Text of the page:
A new play explores the life of black icon Paul Robeson
“Fell the Tallest Tree: Judgment of Paul Robeson”
Hershell Norwood, a Eugene playwright, has written a new work about singer, actor and civil rights activist Paul Robeson. The play will be presented as a staged reading at Tsunami Books on Saturday. The author hopes to take it to the New York stage. (Brian Davies/The Register-Guard)
30 April 2015
It will be a world premiere at Tsunami Books at 8 p.m. Saturday when Eugene playwright Hershell Norwood presents a staged reading of his new play, “Fell the Tallest Tree: Judgment of Paul Robeson.”
After introducing it here, “I want to put this play on the stage — it’s at that point,” Norwood said. “Ultimately, I want to see it on the professional stage, in New York.”
That goal is not a pipe dream.
A previous Norwood play, “Billie’s Blues,” about the life of famous black singer Billie Holiday, was one of 12 chosen from a field of 2,000 scripts in 2008 by the Downtown Urban Theatre Festival in New York City and was performed at the off-Broadway Cherry Lane Theatre in Greenwich Village.
“Billie’s Blues” was headed for an off-Broadway run, but when a pledge of support failed to materialize, it fell $8,000 short of the goal needed to finance the opening, Norwood said.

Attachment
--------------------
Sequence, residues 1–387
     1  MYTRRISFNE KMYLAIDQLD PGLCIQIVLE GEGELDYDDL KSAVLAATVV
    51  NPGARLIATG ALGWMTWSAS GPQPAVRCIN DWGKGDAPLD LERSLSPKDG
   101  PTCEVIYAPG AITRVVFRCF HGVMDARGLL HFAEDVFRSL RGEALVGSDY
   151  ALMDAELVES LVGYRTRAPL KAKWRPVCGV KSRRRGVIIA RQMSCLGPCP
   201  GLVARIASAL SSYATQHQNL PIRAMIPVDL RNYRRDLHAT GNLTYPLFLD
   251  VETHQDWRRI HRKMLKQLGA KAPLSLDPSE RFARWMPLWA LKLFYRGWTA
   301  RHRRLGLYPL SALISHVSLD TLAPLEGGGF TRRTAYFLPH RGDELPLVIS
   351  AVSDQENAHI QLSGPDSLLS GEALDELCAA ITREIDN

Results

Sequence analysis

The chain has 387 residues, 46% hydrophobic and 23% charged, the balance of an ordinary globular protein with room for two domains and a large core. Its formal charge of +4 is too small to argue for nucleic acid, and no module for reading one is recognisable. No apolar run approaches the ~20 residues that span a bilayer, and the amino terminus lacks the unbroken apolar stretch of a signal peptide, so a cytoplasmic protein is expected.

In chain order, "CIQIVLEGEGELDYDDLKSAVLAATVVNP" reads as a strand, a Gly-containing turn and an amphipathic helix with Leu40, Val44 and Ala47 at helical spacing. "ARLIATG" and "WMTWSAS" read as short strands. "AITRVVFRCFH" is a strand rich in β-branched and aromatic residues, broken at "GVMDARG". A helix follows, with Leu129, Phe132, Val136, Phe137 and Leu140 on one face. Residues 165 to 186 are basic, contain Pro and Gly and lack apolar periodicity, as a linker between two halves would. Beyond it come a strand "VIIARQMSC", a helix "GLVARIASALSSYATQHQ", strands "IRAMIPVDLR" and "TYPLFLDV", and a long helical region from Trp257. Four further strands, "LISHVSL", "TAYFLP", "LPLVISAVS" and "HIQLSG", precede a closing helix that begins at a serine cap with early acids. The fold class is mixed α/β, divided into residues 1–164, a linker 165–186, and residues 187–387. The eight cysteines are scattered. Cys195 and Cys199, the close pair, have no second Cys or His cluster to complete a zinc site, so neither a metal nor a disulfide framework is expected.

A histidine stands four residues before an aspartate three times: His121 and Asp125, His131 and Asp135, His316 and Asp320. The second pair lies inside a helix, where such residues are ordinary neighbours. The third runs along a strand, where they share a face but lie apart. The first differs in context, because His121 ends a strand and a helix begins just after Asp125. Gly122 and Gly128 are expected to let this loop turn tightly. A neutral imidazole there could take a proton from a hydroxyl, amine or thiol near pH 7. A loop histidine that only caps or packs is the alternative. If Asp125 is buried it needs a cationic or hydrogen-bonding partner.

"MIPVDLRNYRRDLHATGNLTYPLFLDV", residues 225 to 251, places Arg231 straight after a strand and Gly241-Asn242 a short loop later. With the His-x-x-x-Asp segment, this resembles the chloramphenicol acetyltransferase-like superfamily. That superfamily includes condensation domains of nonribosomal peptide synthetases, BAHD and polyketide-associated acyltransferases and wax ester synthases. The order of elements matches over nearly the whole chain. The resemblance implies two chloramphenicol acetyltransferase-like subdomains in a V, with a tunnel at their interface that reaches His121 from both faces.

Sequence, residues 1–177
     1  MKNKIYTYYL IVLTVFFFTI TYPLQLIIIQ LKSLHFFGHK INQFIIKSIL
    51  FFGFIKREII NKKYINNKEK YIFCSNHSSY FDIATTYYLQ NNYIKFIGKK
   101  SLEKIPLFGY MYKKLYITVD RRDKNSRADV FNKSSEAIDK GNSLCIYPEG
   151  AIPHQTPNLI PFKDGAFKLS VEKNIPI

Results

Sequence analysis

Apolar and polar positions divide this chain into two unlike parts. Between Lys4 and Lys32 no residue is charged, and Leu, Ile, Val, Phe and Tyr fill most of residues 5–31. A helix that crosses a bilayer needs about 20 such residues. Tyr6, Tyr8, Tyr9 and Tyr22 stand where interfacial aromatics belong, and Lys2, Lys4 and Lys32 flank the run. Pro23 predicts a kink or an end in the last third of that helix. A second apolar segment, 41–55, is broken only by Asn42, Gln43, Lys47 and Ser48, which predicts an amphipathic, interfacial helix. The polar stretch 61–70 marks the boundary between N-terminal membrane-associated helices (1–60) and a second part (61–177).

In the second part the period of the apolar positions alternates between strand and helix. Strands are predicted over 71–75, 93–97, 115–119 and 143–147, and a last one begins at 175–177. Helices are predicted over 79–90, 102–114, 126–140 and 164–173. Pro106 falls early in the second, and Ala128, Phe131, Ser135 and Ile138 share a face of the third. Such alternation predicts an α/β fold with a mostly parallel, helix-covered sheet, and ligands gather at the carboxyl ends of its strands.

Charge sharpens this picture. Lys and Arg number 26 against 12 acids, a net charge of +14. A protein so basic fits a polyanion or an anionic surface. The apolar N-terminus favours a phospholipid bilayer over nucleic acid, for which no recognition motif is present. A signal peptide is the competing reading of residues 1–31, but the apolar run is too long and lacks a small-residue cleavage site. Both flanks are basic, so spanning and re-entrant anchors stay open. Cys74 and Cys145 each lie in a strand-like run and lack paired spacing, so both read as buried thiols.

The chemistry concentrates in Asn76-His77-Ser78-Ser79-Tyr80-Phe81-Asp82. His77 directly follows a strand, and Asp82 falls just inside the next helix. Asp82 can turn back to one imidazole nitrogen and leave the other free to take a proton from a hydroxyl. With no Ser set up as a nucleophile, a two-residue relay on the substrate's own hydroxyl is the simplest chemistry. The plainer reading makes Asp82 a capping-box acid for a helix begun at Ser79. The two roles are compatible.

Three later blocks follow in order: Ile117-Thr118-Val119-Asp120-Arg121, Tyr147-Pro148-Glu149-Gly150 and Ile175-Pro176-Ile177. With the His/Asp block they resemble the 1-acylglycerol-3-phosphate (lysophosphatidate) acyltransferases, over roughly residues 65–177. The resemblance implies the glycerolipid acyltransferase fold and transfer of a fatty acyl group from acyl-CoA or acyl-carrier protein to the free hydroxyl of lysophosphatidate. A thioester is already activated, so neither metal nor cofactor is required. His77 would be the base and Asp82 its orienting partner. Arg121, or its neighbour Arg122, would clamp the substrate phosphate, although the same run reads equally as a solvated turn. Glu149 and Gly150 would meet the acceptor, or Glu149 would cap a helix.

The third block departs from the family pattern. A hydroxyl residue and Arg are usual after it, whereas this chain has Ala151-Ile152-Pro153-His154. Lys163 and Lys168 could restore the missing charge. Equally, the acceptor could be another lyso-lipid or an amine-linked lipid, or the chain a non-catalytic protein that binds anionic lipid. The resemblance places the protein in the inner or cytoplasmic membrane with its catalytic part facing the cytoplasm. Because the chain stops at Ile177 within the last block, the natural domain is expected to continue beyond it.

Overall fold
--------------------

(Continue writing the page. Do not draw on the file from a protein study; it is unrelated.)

The new play, “Fell the Tallest Tree,” is a recounting of the life and accomplishments of Paul Robeson, an African-American singer, actor, civil rights activist and McCarthy era political target. Robeson’s rich bass voice became an American icon with his rendition of the song, “Ol’ Man River,” first in London and later in a Broadway revival of Jerome Kern’s musical, “Show Boat.”
Norwood — who holds advanced degrees and has experience in acting, directing and playwriting — takes a serious look at the many facets of Robeson’s life. It is set at the moment of Robeson’s death in 1976.